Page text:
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Religious Liberty: The Early American Experience

General Counsel/Director of Government Affairs

The Constitutional provision against "establishing" a state religion is so ingrained in our common experience that many Americans never stop to wonder how we got here. As part of the Interfaith Center's ongoing analysis of religious liberty and state public policy in Texas, we took a look at the roots of disestablishment in the early years of the United States.

By the time of the American Revolution, the right of “private judgment” (free exercise) was largely unquestioned.  Once other faiths were openly permitted, the subsequent controversy that followed was “voluntaryism” (disestablishment), or how to disentangle the institutions of religion from the new institutions of civil government. 

Madison thought making our First Amendment binding on the States was the most important amendment of all the proposals to be put in the Bill or Rights.  Though that proposal failed, Madison and others continued the struggle for disestablishment state by state.  By 1789, 8 of the 13 colonies had no established church.   Four states never had an established church, and four others had disestablished.  By 1833, no state would have an established church. 

The form establishments took varied, and Massachusetts and Virginia provide good examples of the disestablishment trend.  Massachusetts did not have a statewide established church, but a form of “multiple establishment” decided at the local level where individuals paid a tax, but were permitted to redirect it. In Virginia, establishment was statewide and included laws requiring a license for non-Anglican clergy; approved locations for houses of worship; restrictions on dissenter clergy from performing marriages; restrictions on incorporation of churches and religious organizations; the criminalization of certain religious doctrines; required worship attendance; prescribed modes of worship; and taxes on individuals of non-established churches.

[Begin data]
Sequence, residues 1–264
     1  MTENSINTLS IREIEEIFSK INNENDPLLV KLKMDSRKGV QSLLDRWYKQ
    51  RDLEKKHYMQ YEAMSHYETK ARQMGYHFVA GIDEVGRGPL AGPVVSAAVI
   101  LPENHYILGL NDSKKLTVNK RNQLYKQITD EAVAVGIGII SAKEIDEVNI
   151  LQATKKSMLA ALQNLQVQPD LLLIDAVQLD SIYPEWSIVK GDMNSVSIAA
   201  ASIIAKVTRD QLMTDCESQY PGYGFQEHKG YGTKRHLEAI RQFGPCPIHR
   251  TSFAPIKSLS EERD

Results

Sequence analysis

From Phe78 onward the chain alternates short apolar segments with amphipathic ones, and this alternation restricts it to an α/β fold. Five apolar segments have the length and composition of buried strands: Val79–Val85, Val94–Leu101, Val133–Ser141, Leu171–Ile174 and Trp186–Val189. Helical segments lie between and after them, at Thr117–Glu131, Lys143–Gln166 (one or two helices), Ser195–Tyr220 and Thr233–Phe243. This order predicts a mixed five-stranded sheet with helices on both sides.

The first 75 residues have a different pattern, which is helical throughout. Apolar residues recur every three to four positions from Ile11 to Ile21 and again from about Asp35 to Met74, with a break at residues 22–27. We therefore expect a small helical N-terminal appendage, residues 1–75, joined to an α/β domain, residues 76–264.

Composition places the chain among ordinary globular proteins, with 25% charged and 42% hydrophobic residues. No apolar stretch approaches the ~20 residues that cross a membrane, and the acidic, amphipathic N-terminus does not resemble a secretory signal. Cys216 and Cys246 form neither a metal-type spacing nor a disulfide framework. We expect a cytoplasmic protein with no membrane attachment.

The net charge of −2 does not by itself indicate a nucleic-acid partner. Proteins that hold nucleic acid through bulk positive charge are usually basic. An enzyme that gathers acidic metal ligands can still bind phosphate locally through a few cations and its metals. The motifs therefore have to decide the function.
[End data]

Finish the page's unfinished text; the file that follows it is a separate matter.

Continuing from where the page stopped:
In late 1774, several Baptist ministers in Virginia were jailed for preaching without a license and publishing those sermons.  A young James Madison was outraged.  Brought up Anglican, Madison was educated at the ecumenical Princeton in New Jersey.  He wrote to his college friend from Philadelphia to learn about the Pennsylvania model for church-state relations.  Madison became a lifelong champion for the cause. 

Shortly thereafter, Madison was elected to the Virginia General Assembly which had been tasked by the Second Continental Congress with writing a state constitution.  As a freshman, Madison proved adept at working through elder statesman.  Objecting to the term “toleration,” Madison penned the amendment to the initial draft of what would become Article 16.  Madison believed “toleration” implied subordination and a mere permission of what was truly an inalienable right.  It was a term inseparable from an established church.  Instead, Madison used “free exercise” because it signified the equality of all faiths.  It is the first known use of the term “free exercise.” 

Madison’s amendment also included language to disestablish the Church of England.  In early 1776, that language proved to be a sticking point and Madison had pragmatically stripped it.  However, with war declared in July of 1776, dissenters such as Presbyterians and Baptists began flooding the General Assembly with petitions.  The Presbytery of Hanover stressed the need to unify every denomination behind the war effort, and called for a suspension of divisive laws.  Soon thereafter, the tax supporting the Church of England was suspended and Baptists were allowed to marry couples without going through an Anglican minister.  While laws requiring licensing of ministers and approval of meeting house locations went unenforced, laws barring Baptists from the local vestry which administered the tax dollars collected for the poor continued to be a sticking point.